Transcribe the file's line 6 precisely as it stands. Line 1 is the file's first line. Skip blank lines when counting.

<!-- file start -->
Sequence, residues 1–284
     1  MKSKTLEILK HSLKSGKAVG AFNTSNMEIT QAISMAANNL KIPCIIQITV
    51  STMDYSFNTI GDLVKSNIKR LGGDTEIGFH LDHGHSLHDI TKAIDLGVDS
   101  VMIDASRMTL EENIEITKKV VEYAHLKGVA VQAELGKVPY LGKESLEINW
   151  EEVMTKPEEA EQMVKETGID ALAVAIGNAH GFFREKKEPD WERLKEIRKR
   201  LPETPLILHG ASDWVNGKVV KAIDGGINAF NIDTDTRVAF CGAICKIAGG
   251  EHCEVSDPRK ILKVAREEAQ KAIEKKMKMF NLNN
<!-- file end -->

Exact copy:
   201  LPETPLILHG ASDWVNGKVV KAIDGGINAF NIDTDTRVAF CGAICKIAGG